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Letters to the Editor
3 (
2
); 229-230
doi:
10.4103/0976-3147.98268

The effect of right or left handedness on caries experience and oral hygiene

Address for correspondence: Prof. Anuja Agarwal, B-114, Swasthya Vihar, Vikas Marg, Delhi - 92, India. E-mail: dranujaagar@yahoo.com
Licence

This is an open-access article distributed under the terms of the Creative Commons Attribution-Noncommercial-Share Alike 3.0 Unported, which permits unrestricted use, distribution, and reproduction in any medium, provided the original work is properly cited.

Disclaimer:
This article was originally published by Medknow Publications & Media Pvt Ltd and was migrated to Scientific Scholar after the change of Publisher; therefore Scientific Scholar has no control over the quality or content of this article.

Sir,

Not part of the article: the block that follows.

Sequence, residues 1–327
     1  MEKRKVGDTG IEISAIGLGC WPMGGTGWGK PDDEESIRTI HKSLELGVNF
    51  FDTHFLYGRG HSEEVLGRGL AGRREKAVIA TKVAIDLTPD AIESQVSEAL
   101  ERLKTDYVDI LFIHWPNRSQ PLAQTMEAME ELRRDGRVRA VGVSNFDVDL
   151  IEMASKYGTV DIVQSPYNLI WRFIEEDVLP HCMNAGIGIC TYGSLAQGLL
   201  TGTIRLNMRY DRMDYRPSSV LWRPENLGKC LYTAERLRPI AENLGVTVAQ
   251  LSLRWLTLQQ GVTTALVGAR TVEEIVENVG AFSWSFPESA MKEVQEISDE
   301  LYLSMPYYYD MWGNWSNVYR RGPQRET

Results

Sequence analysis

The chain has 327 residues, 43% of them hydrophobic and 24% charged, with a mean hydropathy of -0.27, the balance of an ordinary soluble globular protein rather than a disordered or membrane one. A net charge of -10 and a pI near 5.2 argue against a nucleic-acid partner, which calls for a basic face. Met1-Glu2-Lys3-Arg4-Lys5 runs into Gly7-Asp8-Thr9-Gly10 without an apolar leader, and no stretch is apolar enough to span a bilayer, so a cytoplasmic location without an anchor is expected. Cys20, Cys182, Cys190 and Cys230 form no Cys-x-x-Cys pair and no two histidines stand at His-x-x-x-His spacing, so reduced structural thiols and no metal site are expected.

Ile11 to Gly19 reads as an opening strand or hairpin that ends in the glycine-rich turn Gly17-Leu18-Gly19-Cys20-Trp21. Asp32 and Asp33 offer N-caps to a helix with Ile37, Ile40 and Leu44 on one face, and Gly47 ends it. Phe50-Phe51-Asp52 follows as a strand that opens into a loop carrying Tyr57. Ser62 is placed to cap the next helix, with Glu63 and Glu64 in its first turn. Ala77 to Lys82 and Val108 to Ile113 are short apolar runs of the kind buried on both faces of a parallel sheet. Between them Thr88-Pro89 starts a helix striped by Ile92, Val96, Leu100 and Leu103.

We read the article “The effect of right or left handedness on caries experience and oral hygiene”[1] with great interest as oral health is important in the reduction of caries and gingival disease. In the present study the authors noted that subjects who used their right hands were doing better in terms of oral hygiene than those using the left with lower incidence of caries. However, the conclusion in the present study that right-handed people have better caries control is in contrast to many other studies where it was found that the left handed were more successful at oral hygiene check than the right handed.[23] In another study there was no significant relationship between manual dexterity and plaque control efficiency.[4] Not only the manual dexterity but many other factors can influence dental hygiene and caries prevalence[56] including culture, socioeconomic status, life style, dietary patterns,[78] education level,[8] psychological profile,[9] brushing habits,[10] the use of tooth paste, tooth-brushing time and the practice of correct tooth-brushing,[1112] cigarette smoking,[13] local and/or systemic diseases affecting oral aperture, causing xerostomia or affecting dominant upper extremity strength, motion, and dexterity.[1419] We agree that further research with well-designed studies involving larger numbers of subjects is needed for better understanding of role of handedness and it would be interesting to understand the role of handedness (with many other factors) in oral hygiene and dental care and to use this information in an effective way to prevent occurrence of dental caries.

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